InfineraÌs Photonic Integrated Circuits include a 100 Gb/s transmitter, which integrates ten lasers, ten 10 Gb/s modulators, and an optical multiplexer; as well as a 100 Gb/s receiver, which integrates an optical demultiplexer and ten photodiodes. Each enables low-cost optical-electrical conversion on a semiconductor chip no larger than 5mm on a side.

    The Infinera DTN, the first communications system based on Photonic Integrated Circuits, gives carriers and other network-builders digital control of key optical networking functions such as adding and dropping customer traffic, managing bandwidth, monitoring performance, and eliminating noise and optical impairments.

    ÏWeÌve been working closely with our carrier customers for nearly three years, and weÌve been very gratified by their enthusiasm for Infinera,Ó said Jagdeep Singh, InfineraÌs CEO. ÏPerforming all these functions in simple digital electronics rather than in a host of analog optical components greatly simplifies the optical layer and resonates with our customers.Ó

    ÏIt comes as a surprise to many people that much of the existing optical network is analog,Ó said Scott Clavenna, Chief Analyst at Heavy Reading. ÏAfter all, every other network that carriers run has transitioned from analog to digital: the voice network in the 1960s, the mobile wireless networks more recently, and even video delivery networks. How ironic that these digital services are transported by an optical layer where waves, not bits, are manipulated by amplifiers, filters, dispersion compensators, and in some cases, mirrors. Performing key functions digitally, rather than with analog optics, makes perfect sense.Ó

    The motivation for analog management of existing optical networks has been the high cost of converting light to electronics, a necessary step for digital processing. Because this conversion has historically required numerous costly discrete devices, optical system vendors have worked to eliminate electronics from their products. Unfortunately, eliminating electronics also eliminates digital capability, leaving an analog optical network. Photonic integration will reverse this trend by making optical-electrical conversion economical, thereby restoring the ability to use digital electronics for key network functions.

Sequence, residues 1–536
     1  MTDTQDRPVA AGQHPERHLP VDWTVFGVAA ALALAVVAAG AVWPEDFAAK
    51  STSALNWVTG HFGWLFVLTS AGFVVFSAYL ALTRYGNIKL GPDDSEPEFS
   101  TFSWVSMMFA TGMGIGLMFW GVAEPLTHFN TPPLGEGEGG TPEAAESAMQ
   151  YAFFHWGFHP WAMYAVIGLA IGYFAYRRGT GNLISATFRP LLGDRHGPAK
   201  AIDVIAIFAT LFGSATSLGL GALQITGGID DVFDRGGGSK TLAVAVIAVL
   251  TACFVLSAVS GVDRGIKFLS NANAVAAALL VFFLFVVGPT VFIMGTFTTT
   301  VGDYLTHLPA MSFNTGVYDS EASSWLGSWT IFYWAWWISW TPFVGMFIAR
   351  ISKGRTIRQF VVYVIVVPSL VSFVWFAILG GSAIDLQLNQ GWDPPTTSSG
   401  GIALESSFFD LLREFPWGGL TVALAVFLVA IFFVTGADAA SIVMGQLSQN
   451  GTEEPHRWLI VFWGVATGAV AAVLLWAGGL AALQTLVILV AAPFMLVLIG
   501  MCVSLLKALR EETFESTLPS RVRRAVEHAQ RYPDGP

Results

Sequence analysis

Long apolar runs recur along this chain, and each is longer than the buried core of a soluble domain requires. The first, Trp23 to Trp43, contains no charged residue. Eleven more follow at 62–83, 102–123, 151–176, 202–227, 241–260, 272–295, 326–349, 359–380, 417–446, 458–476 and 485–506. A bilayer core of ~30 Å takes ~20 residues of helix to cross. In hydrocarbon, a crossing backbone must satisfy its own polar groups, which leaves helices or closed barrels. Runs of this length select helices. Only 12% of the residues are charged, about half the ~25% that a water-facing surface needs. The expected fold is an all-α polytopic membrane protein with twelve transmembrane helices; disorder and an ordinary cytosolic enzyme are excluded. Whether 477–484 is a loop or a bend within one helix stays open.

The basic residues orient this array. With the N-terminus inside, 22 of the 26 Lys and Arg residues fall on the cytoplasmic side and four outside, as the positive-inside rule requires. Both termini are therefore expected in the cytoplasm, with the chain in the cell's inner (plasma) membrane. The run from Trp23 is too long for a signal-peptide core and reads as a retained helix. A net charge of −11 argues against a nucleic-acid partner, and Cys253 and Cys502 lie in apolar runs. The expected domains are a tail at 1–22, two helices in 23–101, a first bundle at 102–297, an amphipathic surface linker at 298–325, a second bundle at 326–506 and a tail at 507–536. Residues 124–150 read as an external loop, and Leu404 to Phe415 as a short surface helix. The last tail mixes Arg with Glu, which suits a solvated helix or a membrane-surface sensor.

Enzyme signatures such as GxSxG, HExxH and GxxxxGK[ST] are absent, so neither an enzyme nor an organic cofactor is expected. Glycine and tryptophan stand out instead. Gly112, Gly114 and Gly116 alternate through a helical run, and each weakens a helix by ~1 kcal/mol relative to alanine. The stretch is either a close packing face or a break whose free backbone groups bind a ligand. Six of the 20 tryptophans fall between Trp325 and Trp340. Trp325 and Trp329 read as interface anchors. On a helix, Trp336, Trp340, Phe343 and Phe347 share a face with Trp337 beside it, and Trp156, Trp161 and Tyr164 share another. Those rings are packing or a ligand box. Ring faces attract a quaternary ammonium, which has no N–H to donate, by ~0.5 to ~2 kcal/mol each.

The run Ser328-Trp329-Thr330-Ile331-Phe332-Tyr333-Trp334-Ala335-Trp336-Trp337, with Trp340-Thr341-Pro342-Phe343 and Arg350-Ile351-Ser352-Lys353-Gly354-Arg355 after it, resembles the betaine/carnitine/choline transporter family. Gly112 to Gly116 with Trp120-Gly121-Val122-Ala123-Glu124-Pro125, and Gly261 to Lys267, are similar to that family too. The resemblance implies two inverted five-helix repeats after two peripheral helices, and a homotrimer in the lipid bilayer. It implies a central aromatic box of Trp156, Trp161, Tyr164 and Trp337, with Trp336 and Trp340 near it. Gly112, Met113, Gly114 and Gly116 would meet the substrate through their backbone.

ÏIn today’s market environment, service providers need to be very confident of obtaining an adequate return on their investment in their network infrastructure,Ó said Mark Lutkowitz, Principal of Telecom Pragmatics. ÏThey appreciate the small minority of sensible suppliers such as Infinera, who swim against the tide in offering extremely simple and low-cost solutions that do not waste resources or cause conflict with existing operational methods and procedures. With the DTN, Infinera understands that advancements in optical networking demand disruptive technology that fits the reality of today’s legacy plant.Ó

    The extremely compact Infinera DTN supports 400 Gb/s, i.e., forty 10 Gb/s channels in a half rack. 100 Gb/s line cards support a variety of hot-swappable client interfaces including OC-192/STM-64, OC-48/STM-16, 10 Gigabit Ethernet LAN PHY and WAN PHY, and Gigabit Ethernet. The DTN runs Infinera’s IQ Network Operating System to automate network discovery, configuration, and provisioning via GMPLS. A network of DTNs can be managed by Infinera’s MPower Management Suite, which includes an Element Management System, a JAVA Graphical Element Manager, and standards-compliant interfaces for OSS integration. The DTN enters carrier trials in 3Q2004.